Bypassing “a predatory economy that cares neither for the planet nor for people (…) is possible, it’s not a utopia”, said Anne Hidalgo at the inauguration, hailing “a peaceful, gentle revolution”. The factory is located in the south of Paris, in the 13th arrondissement, on rue Jean-Baptiste Berlier.
Six occupants share its 1,150 cubic metres, on the second floor of a glass building designed by Dominique Perrault: the entrepreneurs’ association Fashion Green Hub, the work-integration associations Hawa, Espero and Trevo, the Whole dyeing workshop and the Coco&Rico design and garment workshop.
These organisations are working towards more responsible fashion by recovering unsold goods, production offcuts and end-of-stock items. They produce Made in France products, provide training in the social economy and take on people who have been excluded from the labour market.
According to the City of Paris, by 2030, the Parisian circular economy will create 3,000 jobs and avoid or recycle 20,000 tonnes of textile waste a year. “Luxury brands are very interested. They tell us, ‘We have warehouses full of dormant stock and we don’t know what to do with it’,” says Lucas Thivolet Conde Salazar, from Fashion Green Hub Grand Paris.
Paris City Council has paid €2.5 million in subsidies to the RIVP (Paris City Council’s property company), which has helped to keep rents down at the factory.
The factory is “central, accessible and bathed in light”, enthuses Thomas Ebélé, President of Fashion Green Hub Grand Paris, who praises “a site at the heart of the textile industry’s heritage”, where the Bièvre used to flow, supplying dyers and tanneries.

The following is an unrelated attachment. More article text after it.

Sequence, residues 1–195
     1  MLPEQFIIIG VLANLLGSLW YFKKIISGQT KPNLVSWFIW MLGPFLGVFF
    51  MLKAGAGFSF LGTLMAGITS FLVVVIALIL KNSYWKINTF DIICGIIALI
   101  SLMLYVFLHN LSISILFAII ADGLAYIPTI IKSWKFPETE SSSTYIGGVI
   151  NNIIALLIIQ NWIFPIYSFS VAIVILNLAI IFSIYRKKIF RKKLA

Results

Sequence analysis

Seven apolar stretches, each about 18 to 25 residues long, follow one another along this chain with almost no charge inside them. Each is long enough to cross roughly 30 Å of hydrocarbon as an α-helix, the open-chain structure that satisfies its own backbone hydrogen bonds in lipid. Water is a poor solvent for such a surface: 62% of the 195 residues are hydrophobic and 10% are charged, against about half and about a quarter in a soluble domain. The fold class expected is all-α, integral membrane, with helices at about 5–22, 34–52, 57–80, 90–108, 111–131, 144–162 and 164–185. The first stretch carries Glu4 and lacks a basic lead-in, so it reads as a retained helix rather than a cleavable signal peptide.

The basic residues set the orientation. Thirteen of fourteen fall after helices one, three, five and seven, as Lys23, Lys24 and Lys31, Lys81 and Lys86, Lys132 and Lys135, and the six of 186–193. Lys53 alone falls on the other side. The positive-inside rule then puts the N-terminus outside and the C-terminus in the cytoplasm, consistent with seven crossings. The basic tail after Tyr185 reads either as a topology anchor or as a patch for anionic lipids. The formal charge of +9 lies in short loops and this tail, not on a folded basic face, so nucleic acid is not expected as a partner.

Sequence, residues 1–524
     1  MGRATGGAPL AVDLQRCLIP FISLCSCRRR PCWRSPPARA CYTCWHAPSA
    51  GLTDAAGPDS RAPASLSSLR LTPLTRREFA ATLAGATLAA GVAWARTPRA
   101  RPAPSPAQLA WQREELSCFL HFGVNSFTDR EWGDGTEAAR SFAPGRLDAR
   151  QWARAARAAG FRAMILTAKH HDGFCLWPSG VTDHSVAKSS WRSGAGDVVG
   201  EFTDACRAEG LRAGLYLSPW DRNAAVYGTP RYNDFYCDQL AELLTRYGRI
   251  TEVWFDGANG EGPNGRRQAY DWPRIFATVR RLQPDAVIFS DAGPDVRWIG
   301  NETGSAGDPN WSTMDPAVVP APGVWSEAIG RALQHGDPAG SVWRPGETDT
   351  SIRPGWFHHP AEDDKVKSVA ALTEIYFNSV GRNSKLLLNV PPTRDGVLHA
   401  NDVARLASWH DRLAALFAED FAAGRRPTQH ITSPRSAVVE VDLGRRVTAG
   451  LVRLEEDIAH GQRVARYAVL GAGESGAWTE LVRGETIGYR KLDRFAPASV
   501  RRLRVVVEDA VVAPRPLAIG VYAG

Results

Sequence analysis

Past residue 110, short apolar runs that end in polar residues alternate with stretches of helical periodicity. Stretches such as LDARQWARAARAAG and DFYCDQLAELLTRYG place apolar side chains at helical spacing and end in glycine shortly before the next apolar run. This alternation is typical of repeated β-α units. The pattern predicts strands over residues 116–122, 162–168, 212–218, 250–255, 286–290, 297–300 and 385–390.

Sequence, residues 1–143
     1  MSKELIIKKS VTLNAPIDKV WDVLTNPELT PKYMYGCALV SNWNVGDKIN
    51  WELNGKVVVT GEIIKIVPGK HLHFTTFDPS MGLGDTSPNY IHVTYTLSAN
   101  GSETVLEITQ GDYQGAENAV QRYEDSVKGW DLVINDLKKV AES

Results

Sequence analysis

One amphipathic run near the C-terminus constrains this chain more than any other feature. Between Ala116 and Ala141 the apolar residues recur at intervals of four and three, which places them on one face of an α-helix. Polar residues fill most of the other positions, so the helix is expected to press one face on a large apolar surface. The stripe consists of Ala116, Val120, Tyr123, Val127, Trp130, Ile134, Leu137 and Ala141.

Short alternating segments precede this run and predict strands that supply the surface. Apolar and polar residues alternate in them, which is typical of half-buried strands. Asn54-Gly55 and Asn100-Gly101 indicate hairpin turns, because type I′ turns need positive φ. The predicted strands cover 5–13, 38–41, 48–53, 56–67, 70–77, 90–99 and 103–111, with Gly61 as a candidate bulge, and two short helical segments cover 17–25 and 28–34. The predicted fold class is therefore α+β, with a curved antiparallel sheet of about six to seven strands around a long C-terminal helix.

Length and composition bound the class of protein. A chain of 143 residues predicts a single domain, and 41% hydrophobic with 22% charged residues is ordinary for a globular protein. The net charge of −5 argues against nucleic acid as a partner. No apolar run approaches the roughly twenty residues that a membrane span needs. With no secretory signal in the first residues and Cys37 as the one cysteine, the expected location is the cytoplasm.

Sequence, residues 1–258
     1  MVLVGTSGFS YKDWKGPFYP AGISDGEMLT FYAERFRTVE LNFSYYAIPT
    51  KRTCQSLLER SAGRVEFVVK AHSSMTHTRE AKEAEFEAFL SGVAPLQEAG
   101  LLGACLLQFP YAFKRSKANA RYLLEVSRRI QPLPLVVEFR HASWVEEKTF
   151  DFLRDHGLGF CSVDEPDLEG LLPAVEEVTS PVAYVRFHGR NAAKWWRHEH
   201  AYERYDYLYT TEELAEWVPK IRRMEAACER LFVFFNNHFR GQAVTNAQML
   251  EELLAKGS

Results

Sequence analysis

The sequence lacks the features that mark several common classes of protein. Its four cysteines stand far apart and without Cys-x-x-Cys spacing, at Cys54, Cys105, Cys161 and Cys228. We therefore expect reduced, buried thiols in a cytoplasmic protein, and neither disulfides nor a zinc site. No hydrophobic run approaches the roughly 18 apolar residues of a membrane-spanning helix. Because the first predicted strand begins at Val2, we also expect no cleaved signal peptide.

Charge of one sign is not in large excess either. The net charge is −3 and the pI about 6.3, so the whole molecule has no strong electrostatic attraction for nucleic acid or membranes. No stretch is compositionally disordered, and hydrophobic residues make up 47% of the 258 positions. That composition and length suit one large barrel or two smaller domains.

“Pushing back the boundaries
Coworking spaces, a photo studio, design and tailoring workshops… A hushed atmosphere reigns in the factory, barely disturbed by the sound of fabrics brushing against each other and the discreet rhythm of the sewing machines that are activated from time to time.
“You see lots of machines and very few workers on them”, says Gabriel Defrocourt, co-founder of Coco&Rico, a design and garment workshop for a number of brands, from Marine Serre to Paul & Joe, using organic, recycled materials produced in France. Unlike global production, everything is made on site, requiring a lot of equipment and operated by “experienced mechanics”, explains his partner Cléa Polar.
Further on, three seamstresses are busy working on a Terre de Sienne-coloured fabric. This is an “all linen” collection, sewn with “100 per cent cotton” thread, without the use of haberdashery: “You can forget your skirt on the beach”, and it is compostable, assures Lucie Mestre, founder of the L’Unique Façon design office, which is supporting the Imajine brand in its development.
“When I started (a Master’s degree in fashion design, editor’s note), we didn’t deal with these concepts,” explains Stacy Venient, a 23-year-old work-study student who previously “didn’t think at all” about the environmental issues involved in fashion. “But now it’s become obvious: for my collection, I’m going to take extra care,” she promises.
At the factory, it was also the “social aspect” that appealed to Maya Takeuchi, workshop manager at Hawa, which employs women in difficulty: “We’re a small workshop, but we’re in the process of pushing back the boundaries of inequality between men and women”.
Under her guidance, Annette Ntsama makes a large denim shopping bag. “Life took the 43-year-old mother-of-one from Italy to France, from the hotel business to dressmaking, but Annette is now certain: “This is exactly what I was looking for,” she says with a beaming smile.
Her workshop manager Béatrice Megale finds it “very gratifying” to work for Hawa, thanks to the “feedback” she gets from the women the association supports, and, glancing round, suddenly says: “They’re happy”. (AFP)
To read – Fashion United